Watching Blue Velvet in the Land of Borges
In Jorge Luis Borges’s story “The South” the narrator notes that “every Argentine knows that the South begins at the other side of Rivadavia.” And this is where I found myself last month, in a city called Mar Del Plata, for the 27th Mar Del Plata Film Festival, hundreds of miles south of Buenos Aires, where I had been invited by Pablo Conde to attend the book launch of a Spanish translation of The Blue Velvet Project, which originally appeared here at Filmmaker from August 2011 to August 2012.
Where I was, among generous, film-loving people, everything hovered on the edge of fact. Blue Velvet (“Terciopelo Azul”) had not played on the big screen in Argentina during its initial theatrical release, being available only spottily on VHS and, later, DVD. And yet still I was overwhelmed that approximately 600 people crowded into the Sala Astor Piazzolla. I, too, had never experienced Blue Velvet on the big screen, and as the red drapes opened to reveal the blue drapes, and Angelo Badalamenti’s Shostakovitch-inspired, formalist score prefigured the endurance not of goodness in the world, but of evil, evil in all its disguised and deliberate forms, the audience hushed and then clapped. And it seemed, in those opening moments, as if it was not us who were watching the film, but rather that it was the film that was watching us. There was a vague sense of danger, as if across decades and across continents, Blue Velvet still possessed a predatory power.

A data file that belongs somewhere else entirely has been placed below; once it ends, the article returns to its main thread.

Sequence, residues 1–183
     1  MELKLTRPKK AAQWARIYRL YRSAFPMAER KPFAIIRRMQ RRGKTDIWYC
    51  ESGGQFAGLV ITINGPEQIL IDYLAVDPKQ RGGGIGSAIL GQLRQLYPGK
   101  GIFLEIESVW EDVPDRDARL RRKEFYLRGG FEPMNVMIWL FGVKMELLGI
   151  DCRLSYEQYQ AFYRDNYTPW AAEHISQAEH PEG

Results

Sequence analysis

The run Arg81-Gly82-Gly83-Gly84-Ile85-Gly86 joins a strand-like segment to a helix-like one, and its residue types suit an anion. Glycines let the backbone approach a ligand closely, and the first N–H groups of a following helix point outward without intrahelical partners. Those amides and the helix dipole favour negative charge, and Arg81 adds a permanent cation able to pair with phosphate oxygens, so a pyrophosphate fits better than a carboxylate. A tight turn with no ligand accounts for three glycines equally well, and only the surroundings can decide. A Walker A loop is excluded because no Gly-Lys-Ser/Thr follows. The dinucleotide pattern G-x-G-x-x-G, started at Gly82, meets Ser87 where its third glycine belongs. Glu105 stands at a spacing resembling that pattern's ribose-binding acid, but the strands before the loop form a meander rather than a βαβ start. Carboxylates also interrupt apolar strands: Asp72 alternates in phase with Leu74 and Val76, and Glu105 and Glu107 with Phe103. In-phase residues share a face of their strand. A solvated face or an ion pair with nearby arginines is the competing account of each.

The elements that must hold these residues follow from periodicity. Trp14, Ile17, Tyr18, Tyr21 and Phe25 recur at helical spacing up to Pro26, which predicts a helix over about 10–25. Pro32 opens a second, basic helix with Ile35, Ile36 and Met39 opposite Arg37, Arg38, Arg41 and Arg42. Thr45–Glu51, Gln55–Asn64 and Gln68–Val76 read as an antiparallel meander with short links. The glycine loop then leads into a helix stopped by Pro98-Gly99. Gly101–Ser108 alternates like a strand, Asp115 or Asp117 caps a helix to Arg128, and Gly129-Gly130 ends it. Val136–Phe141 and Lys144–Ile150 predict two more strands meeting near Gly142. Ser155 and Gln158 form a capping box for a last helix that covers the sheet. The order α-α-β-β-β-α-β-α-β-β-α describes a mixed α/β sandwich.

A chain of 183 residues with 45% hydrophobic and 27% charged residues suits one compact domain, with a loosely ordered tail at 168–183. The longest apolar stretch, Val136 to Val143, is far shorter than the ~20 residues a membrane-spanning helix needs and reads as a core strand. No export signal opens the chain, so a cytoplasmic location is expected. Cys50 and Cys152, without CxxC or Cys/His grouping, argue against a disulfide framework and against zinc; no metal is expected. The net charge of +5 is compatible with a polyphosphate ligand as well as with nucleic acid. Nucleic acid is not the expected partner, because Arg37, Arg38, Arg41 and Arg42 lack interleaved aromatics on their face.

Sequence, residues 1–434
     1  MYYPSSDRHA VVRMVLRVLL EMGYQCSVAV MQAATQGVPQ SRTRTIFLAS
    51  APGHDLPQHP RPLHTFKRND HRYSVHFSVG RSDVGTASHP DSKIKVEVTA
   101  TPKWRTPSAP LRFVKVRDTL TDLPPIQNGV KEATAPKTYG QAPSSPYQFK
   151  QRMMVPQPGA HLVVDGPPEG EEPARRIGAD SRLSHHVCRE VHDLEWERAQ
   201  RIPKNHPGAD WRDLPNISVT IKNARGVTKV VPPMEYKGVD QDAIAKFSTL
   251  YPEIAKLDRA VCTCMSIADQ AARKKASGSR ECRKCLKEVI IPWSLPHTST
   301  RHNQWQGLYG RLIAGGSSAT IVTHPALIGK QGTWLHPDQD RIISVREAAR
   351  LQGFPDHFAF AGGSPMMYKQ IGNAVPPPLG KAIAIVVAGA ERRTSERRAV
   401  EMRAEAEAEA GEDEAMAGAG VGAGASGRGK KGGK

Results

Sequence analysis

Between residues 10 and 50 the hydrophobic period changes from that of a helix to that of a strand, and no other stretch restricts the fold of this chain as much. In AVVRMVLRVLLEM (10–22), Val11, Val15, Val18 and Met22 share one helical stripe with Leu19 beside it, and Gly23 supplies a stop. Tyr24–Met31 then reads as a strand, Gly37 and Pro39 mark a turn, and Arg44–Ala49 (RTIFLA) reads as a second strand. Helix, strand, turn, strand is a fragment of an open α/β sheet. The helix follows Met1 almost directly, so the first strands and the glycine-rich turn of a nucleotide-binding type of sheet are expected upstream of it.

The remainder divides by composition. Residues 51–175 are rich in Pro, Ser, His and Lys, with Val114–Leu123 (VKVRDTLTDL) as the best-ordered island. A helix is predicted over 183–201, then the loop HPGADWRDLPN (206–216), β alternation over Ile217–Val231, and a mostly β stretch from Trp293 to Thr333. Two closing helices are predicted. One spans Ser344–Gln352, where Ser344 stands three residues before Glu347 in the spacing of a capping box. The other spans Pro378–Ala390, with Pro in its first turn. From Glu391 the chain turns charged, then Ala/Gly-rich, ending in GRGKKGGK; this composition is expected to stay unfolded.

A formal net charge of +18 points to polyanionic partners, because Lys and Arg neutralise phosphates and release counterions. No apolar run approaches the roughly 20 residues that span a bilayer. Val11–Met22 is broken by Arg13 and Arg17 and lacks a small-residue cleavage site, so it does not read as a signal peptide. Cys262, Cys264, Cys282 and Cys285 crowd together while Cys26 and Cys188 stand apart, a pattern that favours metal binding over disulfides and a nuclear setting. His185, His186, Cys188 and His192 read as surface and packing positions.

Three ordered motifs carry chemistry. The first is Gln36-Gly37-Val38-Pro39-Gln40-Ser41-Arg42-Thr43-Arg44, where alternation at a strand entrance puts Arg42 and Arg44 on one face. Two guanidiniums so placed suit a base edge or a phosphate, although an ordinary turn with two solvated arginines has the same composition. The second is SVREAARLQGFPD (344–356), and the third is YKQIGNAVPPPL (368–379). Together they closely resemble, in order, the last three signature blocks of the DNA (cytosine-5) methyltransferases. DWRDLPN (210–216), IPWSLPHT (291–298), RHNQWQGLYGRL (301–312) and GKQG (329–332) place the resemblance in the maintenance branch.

For a terrible moment, during the opening credits, I understood the fear of Dahlmann in the Borges story who finds himself in a bar alone with strangers in the middle of a vast Argentinian plain where, unaccountably, the train he has been riding in has stopped:
The tough with a Chinese look staggered heavily to his feet. Almost in Juan Dahlmann’s face he shouted insults, as if he had been a long way off. His game was to exaggerate his drunkenness, and this extravagance constituted a ferocious mockery. Between curses and obscenities, he threw a long knife into the air, followed it with his eyes, caught and juggled it, and challenged Dahlmann to a knife fight.
I forgot to say: just before the film began, Pablo came onto the stage unexpectedly, and invited me up, with no advance warning, to say a few words. Here was I, the gringo from Michigan, and so I seized the moment and spoke the truth: that, after a year of studying Blue Velvet frame by frame, it has become more, not less of a mystery to me. I retreated back to my seat, sunk into the dark, and experienced the film through the eyes of a nation that had suffered terribly during Argentina’s “dirty war” of the 1970s, and the forced “disappearances” of tens of thousands, and the suppression and the torture which resulted, as Pablo reminded me, in the military cancellation of the Mar Del Plata Film Festival during those years.